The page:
Healthy Planet, Healthy Plate series:
By Carol Masters, Becketwood Member
It was such a joy to meet Becketwood folks June 14. Thank you so much for having me! I mentioned a number of resources and wanted to share them with you to share with everyone. I think this list incorporates the things I mentioned. Let me know if folks have other questions.
– Erin Rupp, Executive Director, Pollinate Minnesota
- Heather Holm’s website and books
- MN Bee Atlas is a MN citizen science project for to count bees here.
- Pollinate Minnesota
- Pollinator Friendly Alliance, Humming for Bees.
- Xerces Society SO MANY EXCELLENT RESOURCES including Citizen Science monitoring guides, what to plant for whom, worksheets for land managers to increase pollinator health. *City/smaller plot one coming soon!
- Here's their report: "How Neonics can Kill Bees"
- and our Minnesota Department of Ag's Neonic Report
- University of MN Bee Lab
- Pesticide Action Network
- Beyond Pesticides (Organic Land Management Transition) and Center For Food Safety.
- And- anyone can feel free to call or email me with other questions. email@example.com, 245.6384
Heather Holm’s site is a compendium of information and further resources about pollinators and their advocates. Links also include downloadable pdf posters of pollinator-attracting flowers for different soil types and shade or sunny conditions. For example: loamy soil (some of our Member and community gardens) supports fragrant hyssop, stiff goldenrod, purple prairie clover, pale purple and yellow coneflowers, golden alexanders, hoary vervain, black-eyed susan, meadow blazingstar, sunflower, smooth beardtongue, and wild bergamot.
The Bee Atlas is a program of the University of Minnesota Extension Service. As Erin told us, Minnesota has over 400 species of wild bees, and citizens help to identify and categorize them. They encourage anyone to join the project: “To submit observations, first create an account at iNaturalist. Then click on ‘Projects’ at the top of the page and search for ‘Minnesota Bee Atlas’ to submit your observations. Do not worry if you do not know the species of bee, just fill in as much information as you can.”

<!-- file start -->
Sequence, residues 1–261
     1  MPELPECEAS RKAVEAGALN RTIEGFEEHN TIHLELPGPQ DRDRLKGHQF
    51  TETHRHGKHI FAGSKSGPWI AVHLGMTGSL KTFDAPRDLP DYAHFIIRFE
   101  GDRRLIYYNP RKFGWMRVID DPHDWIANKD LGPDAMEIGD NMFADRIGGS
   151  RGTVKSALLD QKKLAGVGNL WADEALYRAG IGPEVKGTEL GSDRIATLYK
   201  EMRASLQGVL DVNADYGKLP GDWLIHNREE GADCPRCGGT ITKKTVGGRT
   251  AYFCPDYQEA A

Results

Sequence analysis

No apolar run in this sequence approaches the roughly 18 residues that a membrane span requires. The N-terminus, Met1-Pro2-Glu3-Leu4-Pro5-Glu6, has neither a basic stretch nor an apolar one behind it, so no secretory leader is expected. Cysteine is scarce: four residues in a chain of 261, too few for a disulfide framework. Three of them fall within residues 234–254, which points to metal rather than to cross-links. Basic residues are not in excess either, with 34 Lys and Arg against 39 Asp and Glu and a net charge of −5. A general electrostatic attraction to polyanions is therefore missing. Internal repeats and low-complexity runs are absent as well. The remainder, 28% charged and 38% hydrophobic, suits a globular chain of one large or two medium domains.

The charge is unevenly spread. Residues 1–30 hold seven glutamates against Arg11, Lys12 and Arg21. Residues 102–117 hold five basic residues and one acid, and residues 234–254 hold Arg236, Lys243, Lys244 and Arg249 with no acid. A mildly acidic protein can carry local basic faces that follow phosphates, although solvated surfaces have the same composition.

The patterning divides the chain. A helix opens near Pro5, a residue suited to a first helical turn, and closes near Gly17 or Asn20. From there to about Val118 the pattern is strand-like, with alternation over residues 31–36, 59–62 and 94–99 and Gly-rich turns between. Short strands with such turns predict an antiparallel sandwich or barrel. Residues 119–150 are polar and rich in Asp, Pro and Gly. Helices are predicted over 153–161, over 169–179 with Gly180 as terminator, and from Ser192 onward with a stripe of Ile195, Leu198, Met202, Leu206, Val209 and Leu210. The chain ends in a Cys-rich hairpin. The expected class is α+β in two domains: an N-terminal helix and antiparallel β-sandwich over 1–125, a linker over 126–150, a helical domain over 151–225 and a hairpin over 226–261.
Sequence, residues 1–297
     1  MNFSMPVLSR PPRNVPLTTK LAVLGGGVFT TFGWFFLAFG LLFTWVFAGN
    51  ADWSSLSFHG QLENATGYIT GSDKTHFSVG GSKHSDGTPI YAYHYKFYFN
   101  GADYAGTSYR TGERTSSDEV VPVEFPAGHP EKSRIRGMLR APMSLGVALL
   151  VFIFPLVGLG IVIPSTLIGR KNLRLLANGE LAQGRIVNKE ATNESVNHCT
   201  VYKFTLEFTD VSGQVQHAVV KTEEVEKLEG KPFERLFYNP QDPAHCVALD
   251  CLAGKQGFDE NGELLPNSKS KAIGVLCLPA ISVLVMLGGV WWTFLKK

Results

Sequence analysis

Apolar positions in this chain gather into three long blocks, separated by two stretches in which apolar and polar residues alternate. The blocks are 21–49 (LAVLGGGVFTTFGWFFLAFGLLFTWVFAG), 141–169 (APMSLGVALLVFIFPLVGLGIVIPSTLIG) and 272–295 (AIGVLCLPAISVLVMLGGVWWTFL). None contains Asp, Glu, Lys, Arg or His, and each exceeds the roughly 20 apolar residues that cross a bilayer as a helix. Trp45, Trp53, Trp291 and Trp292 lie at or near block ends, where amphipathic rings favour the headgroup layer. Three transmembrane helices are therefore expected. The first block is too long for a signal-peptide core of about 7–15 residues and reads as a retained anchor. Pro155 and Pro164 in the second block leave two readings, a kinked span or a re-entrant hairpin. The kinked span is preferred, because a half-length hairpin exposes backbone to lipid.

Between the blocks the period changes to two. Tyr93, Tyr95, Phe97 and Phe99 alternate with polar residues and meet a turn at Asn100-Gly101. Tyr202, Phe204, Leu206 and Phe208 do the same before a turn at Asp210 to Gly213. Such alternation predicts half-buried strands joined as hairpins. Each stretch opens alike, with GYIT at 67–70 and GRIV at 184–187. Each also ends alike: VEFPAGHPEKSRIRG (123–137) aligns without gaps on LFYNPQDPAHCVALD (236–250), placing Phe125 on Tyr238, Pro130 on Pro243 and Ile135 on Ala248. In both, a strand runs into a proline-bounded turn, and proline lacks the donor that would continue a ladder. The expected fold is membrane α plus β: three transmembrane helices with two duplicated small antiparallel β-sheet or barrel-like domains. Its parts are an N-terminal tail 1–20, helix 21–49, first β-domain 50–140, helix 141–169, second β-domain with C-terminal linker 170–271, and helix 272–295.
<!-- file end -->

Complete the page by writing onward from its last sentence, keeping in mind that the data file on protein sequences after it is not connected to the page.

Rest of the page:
A few tips from Pollinator Friendly Alliance and its link to the Honeybee Conservancy:
Select single flower tops such as daisies and marigolds, rather than double flower tops such as double impatiens. Double-headed flowers look showy but produce less nectar and access to pollen.
Forget hybrids that have been bred not to seed and produce very little pollen.
Try at least three different types of flowers, earlier to late season to ensure a constant source of food. For example:
- Crocus, hyacinth, borage, calendula, and wild lilac for spring blooms.
- Bees feast on bee balm, cosmos, echinacea, snapdragons, and hosta in the summer.
- For fall, zinnias, sedum, asters, witch hazel and goldenrod are late bloomers that will tempt pollinators.
Finally, a mistake I made, in ordering a small packet of “bee mix,” was highlighted in a post to Humming for Bees: In an effort to help the declining bee population in the U.S., Cheerios sent out free wildflower seed packets to people across the country — but some of the flowers included are invasive species to certain areas.
Among the flower seeds included in Cheerios' giveaway, the Forget-Me-Not is banned in Massachusetts for being a noxious weed. Another flower, the California poppy, is listed as an invasive plant to southeastern states. Several of the seed types are not native to the U.S. Invasive species can out-compete the natives, “they can take up all the space and use up all the resources, they can spread disease, and cause other physical changes to their new homes,” the ecologist Kathryn Turner told Lifehacker.
However, according to General Mills, the varieties "were selected for their flowers that produce nectar and pollen attractive to bees and other pollinators… annuals, biennials, and perennials that produce flowers throughout the entire growing season in a wide range of colors….The seed varieties in the mix are not considered invasive." And Lifehacker reported that Forget-me-Nots were not included. I will keep an eye on my small patch of bee mix.
The Xerces Society publishes regional gardening guides to help us figure out the best plants to buy. Meanwhile, Lifehacker says, if you want to check the status of a random plant from a garden store, you can check out the USDA’s PLANTS database. If your state is green, that means the plant is native there. Click on the “legal status” tab to see if the plant is on any federal or state noxious weed lists.